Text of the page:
You seem to be one of the few drivers in IROC that can actually move up through the field at tracks where drafting is key. How do you do it and will that be the case again at Chicago?

"I think it's possible. A lot of it is due to the fact that the cars are set up so well. They drive so well that it gives you a lot of confidence in the handling of the cars. And with the rear spoilers as high as they are, it leads to cars really pulling a lot of air. So, you can get a lot of help from the car in front of you. Just being able to have that, and understanding what you can and can't do with the draft, is an advantage. A lot of times you can get through the crowds pretty easy early in the race because everybody is still all bunched up."

Where would an IROC championship rank in the many championships you've won?

"It would be a good feeling, because you know that you've beaten the best drivers in each of their respective fields. So being able to not only run with those guys from different series, but to be able to beat them at the same time would be a pretty gratifying experience. I honestly don't know where I would rank it, because I'm proud of all my championships, but an IROC championship would certainly be one to cherish."

Your World of Outlaws driver, Danny Lasoski, has two IROC races under his belt now. How's he enjoying the series? Has he made another personalized IROC T-shirt yet?

"I don't think he's made another T-shirt, but he really enjoys the series. You've got to keep in mind that Danny hasn't raced anything but sprint cars, and they've all been on dirt. He's done it for so long, and done it well, that he's really proud of the fact that he earned the right to become a driver in the IROC series. He's really taken a lot of pride in the fact that he earned his way there."

How is the Outlaw team doing as they reach the mid-point of their season?

"To be honest, after the year that we had last year - we pretty much had a dream season being able to win the Knoxville (Iowa) Nationals, which is like our Daytona 500. That race, and winning the championship in the same year was a pretty remarkable feat for a first year, full-time World of Outlaws team. But we didn't have a lot of main event night 'A' Main wins. We had a lot of preliminary night 'A' Main wins, but not a lot of main event night wins. My goal for the team this year was to have more main event night 'A' Main wins. We've almost tripled that total already, and we're not quite to the halfway point of the season. Performance-wise, I'm very pleased with what the team is doing. They're going out and winning races. It's like I've always told them, if you win races, the points will take care of themselves. They've been really consistent this year again, and in my opinion, they're doing everything right. They're doing everything that we've asked them to do, and they have the right mindset to go out and win another championship."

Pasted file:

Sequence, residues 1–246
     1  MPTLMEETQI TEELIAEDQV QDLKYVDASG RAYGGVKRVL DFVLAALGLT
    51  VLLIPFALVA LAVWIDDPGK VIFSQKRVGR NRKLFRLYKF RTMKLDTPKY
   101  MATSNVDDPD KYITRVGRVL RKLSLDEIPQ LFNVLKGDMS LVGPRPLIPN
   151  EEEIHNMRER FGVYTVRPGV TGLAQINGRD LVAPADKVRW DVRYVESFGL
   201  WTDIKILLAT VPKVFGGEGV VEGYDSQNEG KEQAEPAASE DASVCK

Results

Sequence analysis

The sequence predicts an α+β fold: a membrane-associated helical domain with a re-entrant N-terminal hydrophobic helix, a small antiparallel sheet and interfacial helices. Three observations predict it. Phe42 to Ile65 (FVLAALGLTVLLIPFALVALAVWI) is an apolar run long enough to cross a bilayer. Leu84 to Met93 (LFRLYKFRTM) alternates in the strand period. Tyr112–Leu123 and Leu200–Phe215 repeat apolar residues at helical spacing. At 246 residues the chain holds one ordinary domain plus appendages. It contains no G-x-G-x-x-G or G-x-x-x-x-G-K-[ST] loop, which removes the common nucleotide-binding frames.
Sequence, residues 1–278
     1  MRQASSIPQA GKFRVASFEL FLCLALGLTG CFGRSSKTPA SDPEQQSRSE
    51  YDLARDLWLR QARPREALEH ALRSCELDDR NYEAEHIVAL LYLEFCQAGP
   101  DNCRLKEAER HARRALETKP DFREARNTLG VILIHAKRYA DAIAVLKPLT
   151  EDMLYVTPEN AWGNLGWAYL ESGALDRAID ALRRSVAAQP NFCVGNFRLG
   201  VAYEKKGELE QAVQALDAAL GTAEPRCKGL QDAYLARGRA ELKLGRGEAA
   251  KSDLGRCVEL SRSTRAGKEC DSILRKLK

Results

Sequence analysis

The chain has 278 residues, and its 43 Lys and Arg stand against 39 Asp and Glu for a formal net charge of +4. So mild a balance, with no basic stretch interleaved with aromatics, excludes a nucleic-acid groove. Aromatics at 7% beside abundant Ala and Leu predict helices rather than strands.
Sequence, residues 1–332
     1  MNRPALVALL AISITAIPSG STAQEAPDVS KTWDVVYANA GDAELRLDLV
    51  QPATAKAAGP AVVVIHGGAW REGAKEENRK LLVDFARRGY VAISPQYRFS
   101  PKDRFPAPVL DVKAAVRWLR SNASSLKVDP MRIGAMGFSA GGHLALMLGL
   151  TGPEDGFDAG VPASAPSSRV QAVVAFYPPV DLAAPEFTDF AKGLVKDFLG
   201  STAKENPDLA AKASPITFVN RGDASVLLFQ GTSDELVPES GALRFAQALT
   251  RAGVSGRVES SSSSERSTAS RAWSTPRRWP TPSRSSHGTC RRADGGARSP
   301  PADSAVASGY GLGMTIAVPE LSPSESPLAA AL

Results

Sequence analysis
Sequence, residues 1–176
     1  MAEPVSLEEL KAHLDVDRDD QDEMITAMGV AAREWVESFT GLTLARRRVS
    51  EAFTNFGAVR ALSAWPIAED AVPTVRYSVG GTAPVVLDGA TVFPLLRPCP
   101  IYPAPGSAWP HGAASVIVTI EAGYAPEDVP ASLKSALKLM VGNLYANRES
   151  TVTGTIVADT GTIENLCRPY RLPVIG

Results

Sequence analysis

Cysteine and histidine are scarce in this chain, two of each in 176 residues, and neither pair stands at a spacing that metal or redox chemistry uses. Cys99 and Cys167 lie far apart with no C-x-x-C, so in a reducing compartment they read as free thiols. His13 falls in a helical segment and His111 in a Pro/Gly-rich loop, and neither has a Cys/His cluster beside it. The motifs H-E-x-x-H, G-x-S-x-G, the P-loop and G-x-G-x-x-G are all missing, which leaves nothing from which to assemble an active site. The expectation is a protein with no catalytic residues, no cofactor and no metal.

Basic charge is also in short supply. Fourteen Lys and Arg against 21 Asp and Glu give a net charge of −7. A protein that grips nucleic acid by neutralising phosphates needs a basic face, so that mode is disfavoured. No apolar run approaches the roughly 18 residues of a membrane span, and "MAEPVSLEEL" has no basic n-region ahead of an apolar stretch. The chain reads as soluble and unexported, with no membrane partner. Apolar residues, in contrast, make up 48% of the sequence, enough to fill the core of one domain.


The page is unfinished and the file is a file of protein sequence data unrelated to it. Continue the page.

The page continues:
GREG ZIPADELLI, crew chief on the #20 Home Depot Pontiac:

The rules change you received from NASCAR before the Michigan race - did it help and what can you do with it at Chicagoland?

"We're never going to say we wish that we didn't get what we got, but we're happy they gave us something. We just felt like we needed more. I don't know. We've only been to Michigan with it. We need to go to some more race tracks and see if we can't make it a better package."

Are you able to take anything from Michigan and apply it to Chicagoland?

"We did some things at Michigan that we surely don't want to do at Chicago. But those two tracks are a little different. Michigan is two miles and Chicago is a mile and a half. Even the straightaways are different as far as the length of them is concerned. We tried some motor combinations at Michigan that didn't seem to work very well. Knowing what didn't work at Michigan will hopefully allow us to have a better package when we go to Chicago."

Are all the D-shaped ovals the same in terms of chassis setup?

"No, they're not the same. What they do have in common is that track position is important. That's what it seems like it always comes down to at these places, track position and fuel mileage."

As a crew chief, are these races more stressful just because their outcome does always seem to be determined by pit strategy and fuel mileage?

"At times it can be because it's so hard to pass at some of these race tracks. Tires don't give up. If you get behind in track position, it's real hard to make it back up. It takes you all day. A bad call in the pits can make for a very long day."


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About this article
Series NASCAR Cup
Drivers Tony Stewart , Kevin Harvick , Sterling Marlin , Danny Lasoski